You’ve heard it asked here plenty of times by now — can the Rockets get back to great defense?
If they can, they’re a legitimate contender. No question. They have enough offensive firepower to wreak serious havoc. But if they can’t, if the handcuffs on Yao or the anchor of a backcourt that won’t be mistaken for lockdown prove to be too big of burdens, the Rockets could fall to middle-of-the-pack in the West.
No player represents the Rockets’ defensive identity more than forward Shane Battier. The 6-foot-8 veteran has anchored the team’s defense since he arrived in a Draft Day trade in 2006.
He might be a good person to ask.
“You have to understand — we were so small last year,” said Battier on Tuesday. “We had to become an offensive team to overcome our defensive shortcomings. We were just a very small team. With the influx of big guys, with Yao Ming back, we feel we can protect the rim better, and as a result, I think our defense will improve dramatically.”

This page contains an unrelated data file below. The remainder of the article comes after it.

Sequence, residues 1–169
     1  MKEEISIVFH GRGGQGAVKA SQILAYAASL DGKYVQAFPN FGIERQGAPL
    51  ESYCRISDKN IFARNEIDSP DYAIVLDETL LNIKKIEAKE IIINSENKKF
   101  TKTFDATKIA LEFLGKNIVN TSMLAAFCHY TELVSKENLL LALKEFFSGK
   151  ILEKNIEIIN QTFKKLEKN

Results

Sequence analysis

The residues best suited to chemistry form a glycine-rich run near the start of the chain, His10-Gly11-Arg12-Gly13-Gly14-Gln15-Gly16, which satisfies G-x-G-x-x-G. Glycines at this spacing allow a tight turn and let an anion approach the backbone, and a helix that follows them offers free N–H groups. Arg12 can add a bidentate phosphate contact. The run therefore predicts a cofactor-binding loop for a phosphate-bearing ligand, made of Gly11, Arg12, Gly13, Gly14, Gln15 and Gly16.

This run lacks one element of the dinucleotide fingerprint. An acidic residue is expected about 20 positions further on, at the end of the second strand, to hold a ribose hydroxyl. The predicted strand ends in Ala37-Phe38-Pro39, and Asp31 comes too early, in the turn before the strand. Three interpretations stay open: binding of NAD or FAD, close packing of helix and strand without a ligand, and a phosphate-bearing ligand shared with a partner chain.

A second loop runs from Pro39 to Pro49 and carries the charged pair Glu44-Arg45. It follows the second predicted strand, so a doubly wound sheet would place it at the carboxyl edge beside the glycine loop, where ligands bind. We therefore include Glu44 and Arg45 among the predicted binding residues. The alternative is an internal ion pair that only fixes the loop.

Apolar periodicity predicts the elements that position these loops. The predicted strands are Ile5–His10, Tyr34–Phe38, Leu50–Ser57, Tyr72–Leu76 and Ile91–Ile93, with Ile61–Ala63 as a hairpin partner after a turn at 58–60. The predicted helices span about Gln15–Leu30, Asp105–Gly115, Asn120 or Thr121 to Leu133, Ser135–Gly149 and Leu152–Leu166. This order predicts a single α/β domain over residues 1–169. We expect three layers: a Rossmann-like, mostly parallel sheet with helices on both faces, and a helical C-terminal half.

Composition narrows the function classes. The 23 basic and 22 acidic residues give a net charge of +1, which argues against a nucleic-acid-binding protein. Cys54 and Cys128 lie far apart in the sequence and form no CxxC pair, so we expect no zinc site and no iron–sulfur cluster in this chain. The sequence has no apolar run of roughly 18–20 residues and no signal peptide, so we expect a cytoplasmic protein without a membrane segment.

Battier says the Rockets, just a few days into training camp, aren’t there yet, but he feels they can get there in short order.
“I don’t think it will take a long time,” said Battier. “You just have to keep hammering the themes and the principles that we are trying to teach. Again, last year we couldn’t do some of the things because we were just limited physically. This year we don’t have that excuse. It’s just a matter of staying on top of guys and reinforcing the different philosophies every single day.”
Shane’s belief about defense doesn’t synch up with the idea that there are “poor defenders” — in the backcourt or anywhere.
“As long as you play with effort on defense, you can become a good defender,” said Battier. “There’s no secret. If you play hard and you give the effort, you can do some pretty good things on the defensive end.”